But Alan Curtis, 47, of Pocatello, Idaho, sees Moon and Mars as a top priority, especially if the US wants to remain world leaders in space.

It is very bad that we have to rent a place in a Russian spaceship to reach the space station
Alan Curtis, of Idaho

Compared with the feats of the 1960s and 1970s, the US space program is now a second thought, he said.

"It's too bad we have to rent a spot on a Russian spacecraft to get to the space station," said Curtis, a box from the store who says he was an occasional bounty hunter.

He pointed to the first landing of a spacecraft on the other side of the moon by China in January.

Abdul Lotiff, 28, a manager of a retail security company in Mason City, Iowa, is also in favor of returning to the moon.

He sees economic benefits there, with the resulting new technology spreading to areas outside the space business.

In addition, he said, if and when the Earth becomes overpopulated, the Moon could serve as a springboard for humanity's expansion into space.

The poll called for Americans to choose directly between the Moon and Mars for exploration by the American astronaut.

The red planet was the winner in about two times: 37% compared to 18%.

However, 43% said that no destination was a priority.

For Americans under 45, born after NASA's plans at Apollo, Mars was at the top by an even larger margin: 50 percent preferred a trip to Mars, up from 17 percent for the moon.

A third said that it should not even be a priority.

The Emirates Air Line cable cars are cut against the backdrop of the moon (Yui Mok / PA)

For those 45 years of age or older, 52% said that neither Mars nor the Moon should be a priority as a human destiny. Of this age group, 26% preferred to send astronauts to Mars and 19% to the moon.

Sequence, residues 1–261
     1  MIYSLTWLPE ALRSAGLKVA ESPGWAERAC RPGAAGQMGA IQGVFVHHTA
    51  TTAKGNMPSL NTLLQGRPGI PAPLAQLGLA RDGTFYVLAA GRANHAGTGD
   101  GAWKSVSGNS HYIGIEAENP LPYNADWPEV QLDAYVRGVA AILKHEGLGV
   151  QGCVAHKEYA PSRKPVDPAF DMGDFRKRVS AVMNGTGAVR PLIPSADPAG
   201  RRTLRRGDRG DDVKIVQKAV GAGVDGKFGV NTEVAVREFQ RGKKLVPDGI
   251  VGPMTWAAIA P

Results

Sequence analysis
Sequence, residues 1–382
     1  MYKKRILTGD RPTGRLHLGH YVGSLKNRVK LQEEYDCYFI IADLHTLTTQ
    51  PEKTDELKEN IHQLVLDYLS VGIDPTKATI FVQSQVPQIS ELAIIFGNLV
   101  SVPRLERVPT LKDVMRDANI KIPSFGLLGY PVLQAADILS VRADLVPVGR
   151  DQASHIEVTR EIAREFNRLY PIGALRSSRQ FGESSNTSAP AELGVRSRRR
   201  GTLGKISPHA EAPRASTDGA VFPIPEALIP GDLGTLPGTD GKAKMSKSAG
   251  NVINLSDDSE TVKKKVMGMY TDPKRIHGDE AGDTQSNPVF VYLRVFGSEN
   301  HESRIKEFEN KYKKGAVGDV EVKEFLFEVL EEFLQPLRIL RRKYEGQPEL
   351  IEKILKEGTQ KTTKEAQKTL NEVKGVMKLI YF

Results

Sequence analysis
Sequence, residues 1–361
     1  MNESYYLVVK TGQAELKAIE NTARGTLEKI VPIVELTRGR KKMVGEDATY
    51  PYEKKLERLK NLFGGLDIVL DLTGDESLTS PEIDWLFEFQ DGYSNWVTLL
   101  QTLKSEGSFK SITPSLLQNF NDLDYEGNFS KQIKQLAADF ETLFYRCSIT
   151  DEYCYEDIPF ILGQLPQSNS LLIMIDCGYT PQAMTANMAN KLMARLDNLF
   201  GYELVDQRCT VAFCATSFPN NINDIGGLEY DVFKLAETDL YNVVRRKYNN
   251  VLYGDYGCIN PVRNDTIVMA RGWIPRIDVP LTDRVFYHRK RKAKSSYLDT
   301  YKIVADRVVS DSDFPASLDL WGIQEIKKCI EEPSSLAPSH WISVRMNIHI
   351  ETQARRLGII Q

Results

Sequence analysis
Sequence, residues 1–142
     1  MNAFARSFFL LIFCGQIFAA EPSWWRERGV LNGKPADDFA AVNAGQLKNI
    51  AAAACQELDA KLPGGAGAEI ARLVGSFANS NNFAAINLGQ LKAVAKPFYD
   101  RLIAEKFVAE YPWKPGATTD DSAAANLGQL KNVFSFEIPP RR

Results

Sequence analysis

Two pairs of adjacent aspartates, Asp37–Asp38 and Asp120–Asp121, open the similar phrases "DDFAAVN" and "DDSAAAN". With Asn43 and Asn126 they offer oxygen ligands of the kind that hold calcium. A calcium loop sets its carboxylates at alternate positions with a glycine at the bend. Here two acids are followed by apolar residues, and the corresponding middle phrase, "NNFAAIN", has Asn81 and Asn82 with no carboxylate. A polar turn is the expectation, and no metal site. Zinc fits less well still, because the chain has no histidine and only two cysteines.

As for the deadline for returning the astronauts to the moon within five years, NASA aims to have the lunar south pole rich in water by 2024, about four out of ten Americans favor the plan, versus two in each ten against.

The rest had no strong opinion anyway.

The good news, at least for NASA and its contractors, is that 60% of Americans believe that the benefits of the space program justified the cost.

In 1979, on the 10th anniversary of the first manned landing on the Moon, 41% of Americans said the benefits were worth the cost, according to an AP-NBC News poll.

If they had the opportunity to experience space travel, about half of Americans said they would orbit Earth, while about four out of ten would fly to the moon and about three out of every 10 would go to Mars.

Among those willing to travel to the red planet, about half, or 15 percent of all Americans, said they would move to a Mars colony, even if it meant never returning to Earth.

Astronaut Buzz Aldrin poses for a photo next to the US flag (Neil Armstrong / Nasa / PA)

Men were more likely than women to travel to any space destination: Earth orbit, moon and Mars.

Curtis says the US can have a colony on the moon now "if we had put our money in the right places."

"We have not been there in a long time," he said.

"Is the flag still there?"

US flags were planted on the moon during each of the Apollo landings until 1972.

The first was knocked over by the exhaust of the engine when Armstrong and Aldrin of Apollo 11 took off from the moon.

Press Association